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Acoustic features of song categories and their possible implications for communication in the common nightingale (Luscinia megarhynchos)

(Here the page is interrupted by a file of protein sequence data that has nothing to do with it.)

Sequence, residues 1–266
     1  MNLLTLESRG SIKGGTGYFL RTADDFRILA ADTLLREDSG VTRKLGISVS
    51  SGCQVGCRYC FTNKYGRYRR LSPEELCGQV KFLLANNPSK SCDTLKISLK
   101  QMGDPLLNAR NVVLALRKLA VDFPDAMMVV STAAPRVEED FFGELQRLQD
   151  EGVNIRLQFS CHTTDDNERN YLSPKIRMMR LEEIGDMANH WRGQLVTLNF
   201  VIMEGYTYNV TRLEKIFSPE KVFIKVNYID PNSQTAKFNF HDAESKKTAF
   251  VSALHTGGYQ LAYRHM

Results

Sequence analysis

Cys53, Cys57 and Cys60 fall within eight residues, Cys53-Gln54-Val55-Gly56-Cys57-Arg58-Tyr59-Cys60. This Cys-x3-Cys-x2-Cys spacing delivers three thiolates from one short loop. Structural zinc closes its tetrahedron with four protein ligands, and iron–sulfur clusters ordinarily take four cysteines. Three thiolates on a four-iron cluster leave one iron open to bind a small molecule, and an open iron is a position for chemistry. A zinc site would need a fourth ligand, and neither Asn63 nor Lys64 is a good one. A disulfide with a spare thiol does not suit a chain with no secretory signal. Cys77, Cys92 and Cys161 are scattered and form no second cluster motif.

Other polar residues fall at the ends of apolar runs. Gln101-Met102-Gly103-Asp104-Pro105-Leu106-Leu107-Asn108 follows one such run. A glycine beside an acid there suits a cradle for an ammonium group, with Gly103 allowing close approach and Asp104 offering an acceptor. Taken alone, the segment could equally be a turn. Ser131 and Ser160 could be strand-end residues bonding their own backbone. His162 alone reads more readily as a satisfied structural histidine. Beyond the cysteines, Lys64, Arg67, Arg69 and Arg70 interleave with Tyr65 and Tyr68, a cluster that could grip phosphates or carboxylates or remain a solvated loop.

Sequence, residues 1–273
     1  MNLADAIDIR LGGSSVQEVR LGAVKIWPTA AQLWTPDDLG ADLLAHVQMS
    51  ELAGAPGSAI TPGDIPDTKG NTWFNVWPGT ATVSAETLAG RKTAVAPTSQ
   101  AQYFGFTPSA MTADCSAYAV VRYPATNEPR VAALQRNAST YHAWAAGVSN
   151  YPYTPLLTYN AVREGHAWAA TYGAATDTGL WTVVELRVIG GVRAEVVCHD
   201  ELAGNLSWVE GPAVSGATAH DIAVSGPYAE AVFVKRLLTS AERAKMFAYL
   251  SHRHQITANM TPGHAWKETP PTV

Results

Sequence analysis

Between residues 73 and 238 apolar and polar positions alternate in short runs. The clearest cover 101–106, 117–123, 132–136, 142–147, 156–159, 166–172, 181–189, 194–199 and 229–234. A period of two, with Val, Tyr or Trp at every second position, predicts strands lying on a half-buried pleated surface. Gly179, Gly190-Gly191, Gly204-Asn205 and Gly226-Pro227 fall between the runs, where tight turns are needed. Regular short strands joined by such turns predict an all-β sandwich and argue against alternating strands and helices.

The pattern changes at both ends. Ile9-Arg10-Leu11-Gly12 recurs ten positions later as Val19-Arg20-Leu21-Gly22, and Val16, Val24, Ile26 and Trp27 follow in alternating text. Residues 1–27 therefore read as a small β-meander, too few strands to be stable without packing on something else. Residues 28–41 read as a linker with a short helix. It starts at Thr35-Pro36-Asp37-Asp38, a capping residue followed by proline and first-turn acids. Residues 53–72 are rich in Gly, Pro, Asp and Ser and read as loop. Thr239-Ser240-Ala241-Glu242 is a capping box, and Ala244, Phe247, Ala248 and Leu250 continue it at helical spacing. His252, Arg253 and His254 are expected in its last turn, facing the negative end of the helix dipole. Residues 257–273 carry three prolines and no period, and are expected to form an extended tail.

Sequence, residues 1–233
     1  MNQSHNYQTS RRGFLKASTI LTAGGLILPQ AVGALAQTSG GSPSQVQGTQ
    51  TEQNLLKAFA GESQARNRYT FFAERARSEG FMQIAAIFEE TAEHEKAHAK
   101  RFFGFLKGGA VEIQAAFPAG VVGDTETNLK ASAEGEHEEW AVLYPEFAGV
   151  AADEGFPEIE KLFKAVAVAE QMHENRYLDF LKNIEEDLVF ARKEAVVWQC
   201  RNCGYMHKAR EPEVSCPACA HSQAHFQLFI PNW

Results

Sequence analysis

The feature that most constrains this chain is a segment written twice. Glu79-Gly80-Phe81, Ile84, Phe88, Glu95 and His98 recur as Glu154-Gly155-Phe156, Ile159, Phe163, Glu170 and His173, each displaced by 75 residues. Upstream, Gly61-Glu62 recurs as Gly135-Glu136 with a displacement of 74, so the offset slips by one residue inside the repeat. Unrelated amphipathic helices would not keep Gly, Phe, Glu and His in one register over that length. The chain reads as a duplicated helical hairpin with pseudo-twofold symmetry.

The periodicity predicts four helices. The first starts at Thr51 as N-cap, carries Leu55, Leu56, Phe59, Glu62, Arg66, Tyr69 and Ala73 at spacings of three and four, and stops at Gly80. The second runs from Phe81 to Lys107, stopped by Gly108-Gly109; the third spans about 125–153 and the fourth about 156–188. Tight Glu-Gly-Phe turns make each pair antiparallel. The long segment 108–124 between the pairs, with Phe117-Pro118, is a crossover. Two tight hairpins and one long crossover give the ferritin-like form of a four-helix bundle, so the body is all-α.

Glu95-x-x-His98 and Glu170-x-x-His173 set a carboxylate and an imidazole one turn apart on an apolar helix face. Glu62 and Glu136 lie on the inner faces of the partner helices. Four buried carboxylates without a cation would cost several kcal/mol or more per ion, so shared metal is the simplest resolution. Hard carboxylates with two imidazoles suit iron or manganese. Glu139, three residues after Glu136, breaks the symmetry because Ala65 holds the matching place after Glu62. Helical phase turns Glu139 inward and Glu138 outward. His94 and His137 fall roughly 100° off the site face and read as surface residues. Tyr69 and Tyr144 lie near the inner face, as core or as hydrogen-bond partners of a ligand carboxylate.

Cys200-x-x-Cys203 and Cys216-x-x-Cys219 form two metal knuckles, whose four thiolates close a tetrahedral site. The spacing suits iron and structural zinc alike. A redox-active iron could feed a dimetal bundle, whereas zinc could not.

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In many passerine species, males sing more than one distinct song type. Commonly, songs are assigned to different song types or song categories based on phonological and syntactical dissimilarities. However, temporal aspects, such as song length and song rate, also need to be considered to understand the possible functions of different songs. Common nightingales (Luscinia megarhynchos) have large vocal repertoires of different song types but their songs additionally can be grouped into two distinct categories (particular groups of song types): whistle songs and nonwhistle songs. Whistle songs are hypothesised to be important to attract migrating females. We studied temporal properties of whistle songs and nonwhistle songs and examined the relationship between those song parameters and song output parameters, such as song rate and song length. To investigate how song parameters vary among males, we calculated the coefficients of variation for different song traits. We found that the variation in the proportion of whistle songs was significantly higher among males than variation in other song parameters. Furthermore, the proportion of whistle songs was negatively correlated with other song output patterns. These findings suggest that the production of whistle songs might be constrained and/or that whistle songs and their succeeding pauses may act as a functional unit in communication.

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